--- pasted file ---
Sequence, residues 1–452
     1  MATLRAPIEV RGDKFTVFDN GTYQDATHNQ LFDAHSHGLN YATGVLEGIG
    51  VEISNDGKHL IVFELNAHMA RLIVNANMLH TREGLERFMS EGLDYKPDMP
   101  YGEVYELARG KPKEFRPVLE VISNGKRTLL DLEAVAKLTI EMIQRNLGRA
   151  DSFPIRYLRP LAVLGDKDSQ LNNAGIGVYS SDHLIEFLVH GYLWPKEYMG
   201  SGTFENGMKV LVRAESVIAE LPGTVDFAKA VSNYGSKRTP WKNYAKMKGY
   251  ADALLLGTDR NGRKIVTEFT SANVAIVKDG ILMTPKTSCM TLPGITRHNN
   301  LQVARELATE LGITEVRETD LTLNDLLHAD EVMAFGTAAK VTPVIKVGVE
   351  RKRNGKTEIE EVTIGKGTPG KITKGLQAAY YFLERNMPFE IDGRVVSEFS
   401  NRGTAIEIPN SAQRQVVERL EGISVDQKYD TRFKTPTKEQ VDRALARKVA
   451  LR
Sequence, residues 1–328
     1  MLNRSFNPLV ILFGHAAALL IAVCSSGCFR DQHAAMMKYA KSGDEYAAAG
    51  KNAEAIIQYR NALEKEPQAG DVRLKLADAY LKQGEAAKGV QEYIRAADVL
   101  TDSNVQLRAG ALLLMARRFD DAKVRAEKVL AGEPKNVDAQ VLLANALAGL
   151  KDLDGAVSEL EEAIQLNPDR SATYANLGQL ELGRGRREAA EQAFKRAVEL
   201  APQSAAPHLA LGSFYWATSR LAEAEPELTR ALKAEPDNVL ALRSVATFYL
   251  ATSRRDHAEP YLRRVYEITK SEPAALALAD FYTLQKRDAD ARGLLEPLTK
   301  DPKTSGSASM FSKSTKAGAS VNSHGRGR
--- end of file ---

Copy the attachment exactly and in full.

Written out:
Sequence, residues 1–452
     1  MATLRAPIEV RGDKFTVFDN GTYQDATHNQ LFDAHSHGLN YATGVLEGIG
    51  VEISNDGKHL IVFELNAHMA RLIVNANMLH TREGLERFMS EGLDYKPDMP
   101  YGEVYELARG KPKEFRPVLE VISNGKRTLL DLEAVAKLTI EMIQRNLGRA
   151  DSFPIRYLRP LAVLGDKDSQ LNNAGIGVYS SDHLIEFLVH GYLWPKEYMG
   201  SGTFENGMKV LVRAESVIAE LPGTVDFAKA VSNYGSKRTP WKNYAKMKGY
   251  ADALLLGTDR NGRKIVTEFT SANVAIVKDG ILMTPKTSCM TLPGITRHNN
   301  LQVARELATE LGITEVRETD LTLNDLLHAD EVMAFGTAAK VTPVIKVGVE
   351  RKRNGKTEIE EVTIGKGTPG KITKGLQAAY YFLERNMPFE IDGRVVSEFS
   401  NRGTAIEIPN SAQRQVVERL EGISVDQKYD TRFKTPTKEQ VDRALARKVA
   451  LR
Sequence, residues 1–328
     1  MLNRSFNPLV ILFGHAAALL IAVCSSGCFR DQHAAMMKYA KSGDEYAAAG
    51  KNAEAIIQYR NALEKEPQAG DVRLKLADAY LKQGEAAKGV QEYIRAADVL
   101  TDSNVQLRAG ALLLMARRFD DAKVRAEKVL AGEPKNVDAQ VLLANALAGL
   151  KDLDGAVSEL EEAIQLNPDR SATYANLGQL ELGRGRREAA EQAFKRAVEL
   201  APQSAAPHLA LGSFYWATSR LAEAEPELTR ALKAEPDNVL ALRSVATFYL
   251  ATSRRDHAEP YLRRVYEITK SEPAALALAD FYTLQKRDAD ARGLLEPLTK
   301  DPKTSGSASM FSKSTKAGAS VNSHGRGR